The Collison Newsletter June 2009


Prevention and Treatment of Cold Sores &Other Conditions*


Lysine is an essential amino acid. This means that it is not synthesised in adequate amounts by the human body, so it has to be obtained from dietary sources, or taken as a supplement. In plants and micro-organisms, it is synthesised from aspartic acid via a number of enzyme steps.

Amino acids are the building blocks of protein. Lysine is a necessary building block for all protein in the body and is important for proper growth. It plays an essential role in the production of carnitine, a nutrient responsible for converting fatty acids into energy and helping to lower cholesterol. It also helps the body to absorb and conserve calcium and plays an important role in the formation of collagen.

Dietary Sources

The human nutritional requirement is 1.0 to 1.5 grams daily.

Vegetarian sources: legumes (beans, peas and lentils) are the best sources of lysine. There is a limited amount in all cereal grains.

Non vegetarian sources: all foods which are rich in protein, including meat (specifically red meat, pork and poultry), cheese (particularly Parmesan), certain fish (such as cod and sardines) and eggs.

It should be noted that lysine is contained within the protein of the foods. Meat contains about 18% protein, whereas, for example, beans and lentils can have up to 25% protein, and soy beans (dry) and soy flour have 35% protein.

Lysine deficiency

A strict vegan diet (mainly macrobiotic diet) may not provide sufficient lysine. It is important for vegans to include significant intake of legumes, as part of a balanced diet.

Lysine deficiency is extremely rare. Deficiency can cause fatigue, nausea, dizziness, anorexia and emotional upsets.

Lysine is involved in the browning reaction (caramelisation) in foods such as pastries, cookies and cereals. In this process, lysine and sugar become linked together in a way that makes lysine difficult for the body to absorb. For this reason, a diet high in cereals and baked goods, especially those that contain a lot of simple sugars, can result in low lysine intake.

Therapeutic Uses of Lysine

Herpes and Shingles.

Lysine can be used to treat mouth lesions (cold sores) and genital lesions caused by the herpes simplex virus (types I and II respectively) as well as shingles or herpes zoster caused by the varicella virus. Taking lysine supplements can speed recovery time and reduce the chance of recurrent outbreaks, especially of cold sores.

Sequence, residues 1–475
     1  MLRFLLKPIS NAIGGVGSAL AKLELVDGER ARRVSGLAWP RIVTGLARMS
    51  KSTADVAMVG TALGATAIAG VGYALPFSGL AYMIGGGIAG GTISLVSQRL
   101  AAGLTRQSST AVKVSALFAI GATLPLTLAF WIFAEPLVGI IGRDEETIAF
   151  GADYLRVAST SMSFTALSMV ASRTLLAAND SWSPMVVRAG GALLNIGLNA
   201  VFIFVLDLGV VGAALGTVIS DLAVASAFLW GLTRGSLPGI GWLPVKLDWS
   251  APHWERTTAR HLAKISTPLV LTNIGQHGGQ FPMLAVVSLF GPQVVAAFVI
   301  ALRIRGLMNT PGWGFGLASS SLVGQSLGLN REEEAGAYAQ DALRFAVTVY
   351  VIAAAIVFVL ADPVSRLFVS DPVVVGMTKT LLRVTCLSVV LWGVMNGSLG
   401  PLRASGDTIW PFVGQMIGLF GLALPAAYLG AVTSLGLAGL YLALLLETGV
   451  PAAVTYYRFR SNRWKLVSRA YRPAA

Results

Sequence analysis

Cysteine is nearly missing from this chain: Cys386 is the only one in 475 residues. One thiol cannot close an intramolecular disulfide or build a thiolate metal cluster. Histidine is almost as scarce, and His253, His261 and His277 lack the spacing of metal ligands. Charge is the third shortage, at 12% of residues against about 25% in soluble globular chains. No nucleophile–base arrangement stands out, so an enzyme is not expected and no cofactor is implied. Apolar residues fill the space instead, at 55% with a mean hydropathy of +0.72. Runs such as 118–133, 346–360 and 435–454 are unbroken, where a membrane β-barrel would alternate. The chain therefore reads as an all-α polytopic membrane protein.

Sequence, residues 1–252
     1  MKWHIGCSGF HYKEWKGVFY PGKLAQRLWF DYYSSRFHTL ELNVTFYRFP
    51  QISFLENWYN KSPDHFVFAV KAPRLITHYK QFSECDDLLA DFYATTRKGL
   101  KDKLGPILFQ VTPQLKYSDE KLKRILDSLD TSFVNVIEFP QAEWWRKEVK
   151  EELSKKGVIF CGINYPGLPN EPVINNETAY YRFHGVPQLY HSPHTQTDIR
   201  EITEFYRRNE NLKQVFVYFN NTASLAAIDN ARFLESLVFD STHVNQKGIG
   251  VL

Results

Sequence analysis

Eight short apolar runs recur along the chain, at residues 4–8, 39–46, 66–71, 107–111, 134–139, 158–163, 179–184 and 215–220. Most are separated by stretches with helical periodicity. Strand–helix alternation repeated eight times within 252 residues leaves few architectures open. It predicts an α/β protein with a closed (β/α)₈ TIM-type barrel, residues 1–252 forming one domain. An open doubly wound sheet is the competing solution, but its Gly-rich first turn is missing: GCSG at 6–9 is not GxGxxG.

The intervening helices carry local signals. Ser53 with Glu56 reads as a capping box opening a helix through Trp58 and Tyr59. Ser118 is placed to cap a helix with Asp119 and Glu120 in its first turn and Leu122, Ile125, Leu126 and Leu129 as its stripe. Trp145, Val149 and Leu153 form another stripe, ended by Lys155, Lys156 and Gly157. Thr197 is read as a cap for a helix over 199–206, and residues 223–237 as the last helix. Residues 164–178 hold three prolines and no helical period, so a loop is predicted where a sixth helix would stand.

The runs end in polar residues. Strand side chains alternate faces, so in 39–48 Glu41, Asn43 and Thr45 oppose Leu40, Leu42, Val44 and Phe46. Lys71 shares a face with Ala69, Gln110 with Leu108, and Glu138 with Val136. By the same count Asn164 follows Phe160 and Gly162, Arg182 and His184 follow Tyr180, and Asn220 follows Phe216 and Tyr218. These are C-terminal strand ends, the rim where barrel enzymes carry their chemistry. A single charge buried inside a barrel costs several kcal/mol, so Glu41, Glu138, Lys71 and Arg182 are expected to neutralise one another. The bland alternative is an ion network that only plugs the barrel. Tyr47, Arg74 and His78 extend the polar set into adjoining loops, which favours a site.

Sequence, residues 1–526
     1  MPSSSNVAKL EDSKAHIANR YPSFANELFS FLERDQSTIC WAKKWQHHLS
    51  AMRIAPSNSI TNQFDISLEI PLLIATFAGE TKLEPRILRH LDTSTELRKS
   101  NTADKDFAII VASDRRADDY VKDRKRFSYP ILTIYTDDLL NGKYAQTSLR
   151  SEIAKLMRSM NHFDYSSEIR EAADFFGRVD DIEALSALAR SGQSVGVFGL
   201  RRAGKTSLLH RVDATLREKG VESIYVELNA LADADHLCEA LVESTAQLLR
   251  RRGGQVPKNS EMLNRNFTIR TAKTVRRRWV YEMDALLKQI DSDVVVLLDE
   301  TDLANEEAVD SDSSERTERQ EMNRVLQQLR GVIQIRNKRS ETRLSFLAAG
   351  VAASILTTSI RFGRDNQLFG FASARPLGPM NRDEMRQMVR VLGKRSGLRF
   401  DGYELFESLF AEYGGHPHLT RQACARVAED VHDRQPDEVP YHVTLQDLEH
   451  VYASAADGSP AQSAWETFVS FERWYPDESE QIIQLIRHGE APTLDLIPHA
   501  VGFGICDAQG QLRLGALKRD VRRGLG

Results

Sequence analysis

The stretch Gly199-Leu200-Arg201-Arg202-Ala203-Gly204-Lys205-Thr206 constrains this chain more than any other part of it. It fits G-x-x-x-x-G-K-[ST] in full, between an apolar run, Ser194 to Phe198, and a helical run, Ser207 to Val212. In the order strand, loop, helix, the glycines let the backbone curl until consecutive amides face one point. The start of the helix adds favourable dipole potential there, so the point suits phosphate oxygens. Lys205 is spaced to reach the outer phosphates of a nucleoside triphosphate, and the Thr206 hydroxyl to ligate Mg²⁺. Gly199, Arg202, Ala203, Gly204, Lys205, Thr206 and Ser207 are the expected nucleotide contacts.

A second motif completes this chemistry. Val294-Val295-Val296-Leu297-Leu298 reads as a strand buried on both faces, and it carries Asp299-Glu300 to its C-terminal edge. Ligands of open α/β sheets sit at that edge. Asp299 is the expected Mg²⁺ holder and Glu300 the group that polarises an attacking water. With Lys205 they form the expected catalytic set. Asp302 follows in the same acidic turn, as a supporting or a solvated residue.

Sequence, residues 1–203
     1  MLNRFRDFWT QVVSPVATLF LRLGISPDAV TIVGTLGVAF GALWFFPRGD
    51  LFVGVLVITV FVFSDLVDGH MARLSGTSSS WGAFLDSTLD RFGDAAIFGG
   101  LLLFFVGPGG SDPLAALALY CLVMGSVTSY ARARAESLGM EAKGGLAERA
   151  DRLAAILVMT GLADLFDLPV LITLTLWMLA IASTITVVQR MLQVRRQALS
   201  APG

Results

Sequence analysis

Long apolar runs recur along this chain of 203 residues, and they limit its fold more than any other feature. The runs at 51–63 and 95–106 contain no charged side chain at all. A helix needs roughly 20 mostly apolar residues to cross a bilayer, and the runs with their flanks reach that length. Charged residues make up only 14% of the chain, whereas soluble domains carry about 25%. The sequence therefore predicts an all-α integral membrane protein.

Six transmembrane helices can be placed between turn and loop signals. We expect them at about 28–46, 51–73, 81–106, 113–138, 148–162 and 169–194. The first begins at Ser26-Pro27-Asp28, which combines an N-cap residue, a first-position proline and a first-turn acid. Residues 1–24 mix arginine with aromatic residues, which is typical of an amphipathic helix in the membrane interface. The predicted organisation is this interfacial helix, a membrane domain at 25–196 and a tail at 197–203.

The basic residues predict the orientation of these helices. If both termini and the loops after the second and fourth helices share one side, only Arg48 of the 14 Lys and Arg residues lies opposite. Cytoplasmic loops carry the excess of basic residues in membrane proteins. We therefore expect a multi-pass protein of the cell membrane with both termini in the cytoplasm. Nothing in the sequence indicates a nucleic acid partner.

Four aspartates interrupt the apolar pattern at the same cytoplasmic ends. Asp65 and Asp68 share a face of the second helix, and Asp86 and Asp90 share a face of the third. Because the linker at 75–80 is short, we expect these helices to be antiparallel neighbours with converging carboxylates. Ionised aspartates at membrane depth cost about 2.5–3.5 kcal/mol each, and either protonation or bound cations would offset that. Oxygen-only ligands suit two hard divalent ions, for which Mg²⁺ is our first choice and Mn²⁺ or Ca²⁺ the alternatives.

Cold sores are caused by the herpes simplex type I virus. For most of the time, the virus lives in the skin cells around the mouth and nearby, with no lesion on the skin. The virus lives in harmony with the host cell, and once infected with this virus, the virus lives in the cells for life. Under certain circumstances such as, for example, stress, fever, and sun exposure with sunburn, the virus multiplies and overcomes the cells, killing them with the resultant herpes (little blisters) initially and then the sore or ulceration. The same process occurs with the herpes simplex type II with intermittent genital lesions, and with the varicella virus (which causes chicken pox) which, in later life, can express itself as herpes zoster or shingles. This tends to be more common in older people and is frequently linked to stress or situations that depress the immune system.


Lysine helps improve the absorption of calcium from the digestive tract and prevents loss of calcium in the urine. In view of this, some researchers suggest that lysine may help prevent the bone loss associated with osteoporosis.

The treatment of deficiency of carnitine or to boost levels of carnitine.

Lysine may have some benefit in helping muscle tissue wasting and in the management of fatigue.


Prevention of cold sores: 500 - 1000 mg per day.

Therapeutic doses (to treat the actual cold sore or shingles): up to several grams a day, in divided doses.

Lysine appears to be non toxic and very well tolerated, even in high doses.

Lysine is available in several forms, including tablets and capsules. It is usually sold in the L-lysine form.

*Copyright 2009: The Huntly Centre.

Disclaimer: All material in the website is provided for informational or educational purposes only. Consult a health professional regarding the applicability of any opinions or recommendations expressed herein, with respect to your symptoms or medical condition.


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